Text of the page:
Death on righties, Ziegler will return as, amazingly, only the fourth-best reliever on the team.
Gonzalez's 4.47 FIP last year proves he's ready to start in the majors. He's still got some growing pains ahead of him, but he's got a dynamite fastball-curveball combo and enough strikeout ability to make him the Opening Day No. 3 starter.
Breslow did an admirable job as the A's most frequently called-upon reliever for much of 2009. A pitch-mixer with five solid pitches, the lefty should return as the No. 1 southpaw reliever in the bullpen.
This hefty lefty was near-unhittable at Triple-A and the majors in 2009, and should take some pressure off Breslow as the full-time second lefty in the Oakland relief corps in 2010.
With more Triple-A experience than Trevor Cahill or Vince Mazzaro, Simmons is better suited to open (not necessarily finish, of course) 2010 in the majors than they are. The 23-year-old had a solid 3.99 FIP last year and pitched well in the Arizona Fall League.
His solid command and flyball tendencies should make his transition from Sacramento to Oakland smoother than Cahill's or Mazzaro's.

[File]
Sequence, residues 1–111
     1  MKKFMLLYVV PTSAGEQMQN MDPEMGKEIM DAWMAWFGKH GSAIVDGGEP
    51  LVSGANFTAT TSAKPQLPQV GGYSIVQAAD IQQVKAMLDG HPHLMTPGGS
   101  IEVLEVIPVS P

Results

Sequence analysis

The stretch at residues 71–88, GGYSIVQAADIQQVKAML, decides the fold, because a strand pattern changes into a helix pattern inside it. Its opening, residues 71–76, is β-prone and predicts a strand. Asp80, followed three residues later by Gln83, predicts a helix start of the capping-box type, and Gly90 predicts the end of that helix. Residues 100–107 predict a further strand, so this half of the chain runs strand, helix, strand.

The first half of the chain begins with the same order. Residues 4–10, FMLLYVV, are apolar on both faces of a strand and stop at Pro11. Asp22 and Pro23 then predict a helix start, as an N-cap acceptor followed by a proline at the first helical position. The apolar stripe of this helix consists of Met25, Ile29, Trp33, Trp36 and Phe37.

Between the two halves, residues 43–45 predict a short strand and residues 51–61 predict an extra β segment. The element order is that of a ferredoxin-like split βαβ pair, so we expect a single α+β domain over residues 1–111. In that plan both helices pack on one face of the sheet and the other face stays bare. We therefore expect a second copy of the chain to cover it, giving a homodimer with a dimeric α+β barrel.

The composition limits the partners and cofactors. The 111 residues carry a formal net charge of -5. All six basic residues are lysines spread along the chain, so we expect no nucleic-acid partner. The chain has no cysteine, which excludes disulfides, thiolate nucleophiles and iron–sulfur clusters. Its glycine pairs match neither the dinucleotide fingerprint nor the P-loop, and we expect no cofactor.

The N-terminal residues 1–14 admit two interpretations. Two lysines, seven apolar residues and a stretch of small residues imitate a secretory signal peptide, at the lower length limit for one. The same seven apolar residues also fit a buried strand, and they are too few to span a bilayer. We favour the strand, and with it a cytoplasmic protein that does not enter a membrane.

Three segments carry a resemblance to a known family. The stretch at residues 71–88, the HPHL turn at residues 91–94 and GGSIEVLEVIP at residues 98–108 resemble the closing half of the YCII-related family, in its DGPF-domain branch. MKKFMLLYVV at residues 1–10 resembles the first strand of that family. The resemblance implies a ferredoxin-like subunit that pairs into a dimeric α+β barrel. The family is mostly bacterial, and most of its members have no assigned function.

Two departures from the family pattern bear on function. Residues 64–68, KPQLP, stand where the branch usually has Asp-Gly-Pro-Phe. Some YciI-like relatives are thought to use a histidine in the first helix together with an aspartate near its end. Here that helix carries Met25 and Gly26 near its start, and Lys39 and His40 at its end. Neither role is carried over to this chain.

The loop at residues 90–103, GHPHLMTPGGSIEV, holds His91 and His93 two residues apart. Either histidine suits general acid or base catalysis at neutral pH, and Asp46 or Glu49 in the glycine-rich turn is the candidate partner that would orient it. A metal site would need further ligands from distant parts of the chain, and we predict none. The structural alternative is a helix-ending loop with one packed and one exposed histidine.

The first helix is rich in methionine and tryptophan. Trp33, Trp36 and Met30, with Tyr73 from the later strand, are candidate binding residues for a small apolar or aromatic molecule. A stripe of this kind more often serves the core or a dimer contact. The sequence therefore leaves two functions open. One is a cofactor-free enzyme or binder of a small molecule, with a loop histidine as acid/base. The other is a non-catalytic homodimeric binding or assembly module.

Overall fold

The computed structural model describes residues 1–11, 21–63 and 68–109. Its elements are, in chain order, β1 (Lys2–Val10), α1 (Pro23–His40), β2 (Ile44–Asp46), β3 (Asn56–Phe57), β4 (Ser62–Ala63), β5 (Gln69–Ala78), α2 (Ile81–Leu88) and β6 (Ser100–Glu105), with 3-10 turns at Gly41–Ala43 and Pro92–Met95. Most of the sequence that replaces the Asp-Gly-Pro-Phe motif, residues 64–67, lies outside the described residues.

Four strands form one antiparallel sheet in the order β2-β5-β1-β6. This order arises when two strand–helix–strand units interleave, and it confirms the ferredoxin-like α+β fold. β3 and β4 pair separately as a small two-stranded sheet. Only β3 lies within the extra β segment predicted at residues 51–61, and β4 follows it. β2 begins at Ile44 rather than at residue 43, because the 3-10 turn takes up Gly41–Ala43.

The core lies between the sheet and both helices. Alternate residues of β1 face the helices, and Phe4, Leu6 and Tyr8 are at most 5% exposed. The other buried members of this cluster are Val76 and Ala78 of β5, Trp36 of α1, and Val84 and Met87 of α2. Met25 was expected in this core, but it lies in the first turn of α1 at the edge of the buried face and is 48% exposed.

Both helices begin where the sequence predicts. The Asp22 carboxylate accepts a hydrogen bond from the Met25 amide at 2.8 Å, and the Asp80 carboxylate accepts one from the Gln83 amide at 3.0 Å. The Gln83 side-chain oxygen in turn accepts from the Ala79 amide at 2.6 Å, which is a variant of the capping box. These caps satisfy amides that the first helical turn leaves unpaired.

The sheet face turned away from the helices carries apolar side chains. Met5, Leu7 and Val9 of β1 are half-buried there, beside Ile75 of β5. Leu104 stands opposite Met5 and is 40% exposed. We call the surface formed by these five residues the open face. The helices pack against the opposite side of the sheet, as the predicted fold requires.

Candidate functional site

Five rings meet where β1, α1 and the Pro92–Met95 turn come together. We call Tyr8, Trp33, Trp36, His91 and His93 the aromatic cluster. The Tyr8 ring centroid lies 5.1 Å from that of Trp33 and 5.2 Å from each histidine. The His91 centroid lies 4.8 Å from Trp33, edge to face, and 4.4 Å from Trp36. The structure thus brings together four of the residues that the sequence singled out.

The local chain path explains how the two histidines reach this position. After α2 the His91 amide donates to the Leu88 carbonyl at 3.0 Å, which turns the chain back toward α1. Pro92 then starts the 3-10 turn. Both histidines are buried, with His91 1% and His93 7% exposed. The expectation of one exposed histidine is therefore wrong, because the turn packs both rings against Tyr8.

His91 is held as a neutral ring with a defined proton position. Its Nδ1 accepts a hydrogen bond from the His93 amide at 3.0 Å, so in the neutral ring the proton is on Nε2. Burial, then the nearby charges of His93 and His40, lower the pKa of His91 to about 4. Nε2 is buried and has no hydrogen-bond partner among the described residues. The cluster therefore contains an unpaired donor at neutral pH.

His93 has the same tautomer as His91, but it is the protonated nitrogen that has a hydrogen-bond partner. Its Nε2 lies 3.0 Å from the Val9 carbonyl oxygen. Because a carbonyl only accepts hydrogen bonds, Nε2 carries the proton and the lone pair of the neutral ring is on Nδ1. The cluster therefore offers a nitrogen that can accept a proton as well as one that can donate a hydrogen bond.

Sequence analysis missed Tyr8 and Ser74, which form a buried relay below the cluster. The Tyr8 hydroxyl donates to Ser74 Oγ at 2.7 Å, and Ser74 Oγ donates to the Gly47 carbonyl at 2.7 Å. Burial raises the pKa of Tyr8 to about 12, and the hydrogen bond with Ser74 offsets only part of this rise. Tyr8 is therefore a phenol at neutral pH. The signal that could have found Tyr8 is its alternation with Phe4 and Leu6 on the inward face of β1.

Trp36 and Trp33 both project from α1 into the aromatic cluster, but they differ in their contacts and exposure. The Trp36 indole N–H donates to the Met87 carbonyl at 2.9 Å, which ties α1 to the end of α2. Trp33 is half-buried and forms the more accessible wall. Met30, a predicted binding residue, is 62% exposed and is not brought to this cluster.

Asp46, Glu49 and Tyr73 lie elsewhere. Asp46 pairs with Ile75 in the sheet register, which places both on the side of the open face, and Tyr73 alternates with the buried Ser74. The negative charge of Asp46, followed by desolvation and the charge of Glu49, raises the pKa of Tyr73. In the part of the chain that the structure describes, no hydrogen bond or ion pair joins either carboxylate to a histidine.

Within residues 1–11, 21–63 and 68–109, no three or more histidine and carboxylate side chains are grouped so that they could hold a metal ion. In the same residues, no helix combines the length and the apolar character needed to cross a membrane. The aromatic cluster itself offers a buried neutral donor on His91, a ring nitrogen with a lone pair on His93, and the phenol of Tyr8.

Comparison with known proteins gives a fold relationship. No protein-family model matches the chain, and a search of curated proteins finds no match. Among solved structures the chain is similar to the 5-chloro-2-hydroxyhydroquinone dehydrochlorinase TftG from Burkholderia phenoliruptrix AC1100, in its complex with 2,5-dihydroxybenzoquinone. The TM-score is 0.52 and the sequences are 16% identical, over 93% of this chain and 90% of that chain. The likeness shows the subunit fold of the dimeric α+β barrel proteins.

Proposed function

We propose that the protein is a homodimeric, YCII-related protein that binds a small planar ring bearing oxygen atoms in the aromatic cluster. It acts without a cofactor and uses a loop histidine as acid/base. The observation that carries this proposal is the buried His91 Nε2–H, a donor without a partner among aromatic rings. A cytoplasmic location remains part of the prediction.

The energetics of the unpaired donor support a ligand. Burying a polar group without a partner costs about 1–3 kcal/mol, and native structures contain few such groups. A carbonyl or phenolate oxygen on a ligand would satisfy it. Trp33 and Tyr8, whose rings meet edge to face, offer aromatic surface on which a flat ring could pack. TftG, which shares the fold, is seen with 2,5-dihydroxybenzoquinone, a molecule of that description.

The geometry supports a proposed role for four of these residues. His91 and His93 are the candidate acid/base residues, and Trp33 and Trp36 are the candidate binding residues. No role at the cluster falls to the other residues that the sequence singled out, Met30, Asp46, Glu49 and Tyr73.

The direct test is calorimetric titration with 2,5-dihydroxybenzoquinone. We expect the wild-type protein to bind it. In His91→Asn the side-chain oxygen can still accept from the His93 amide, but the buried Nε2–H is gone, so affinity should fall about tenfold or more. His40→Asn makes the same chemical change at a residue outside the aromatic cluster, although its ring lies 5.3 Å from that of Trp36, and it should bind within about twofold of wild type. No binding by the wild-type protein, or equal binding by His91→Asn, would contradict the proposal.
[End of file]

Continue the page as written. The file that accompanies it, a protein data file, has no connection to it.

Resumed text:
Armed with an excellent changeup, Benacka was stellar between Midland and Sacramento in 2009; he didn't allow a homer all year. The former independent league closer is my pick to fill the final spot in the Opening Day bullpen.
Who, you ask?
Cramer is a 30-year-old journeyman, but he pitched well at Midland (2.73 FIP) and Sacramento (2.91 FIP) last year. He's a lefty with four pitches, solid control, and good groundball tendencies.
The veteran has pitched well in brief action in the Mexican Winter League and deserves a shot at keeping the seat warm for Cahill's and/or Mazzaro's call-ups later in the year.
Before presenting my final orientation of the chosen pitchers, I wanted to address a few other guys who don't appear on this list.
Josh Outman should certainly come back to the majors once he's healthy from Tommy John surgery, but that won't be until around midseason, so I left him off.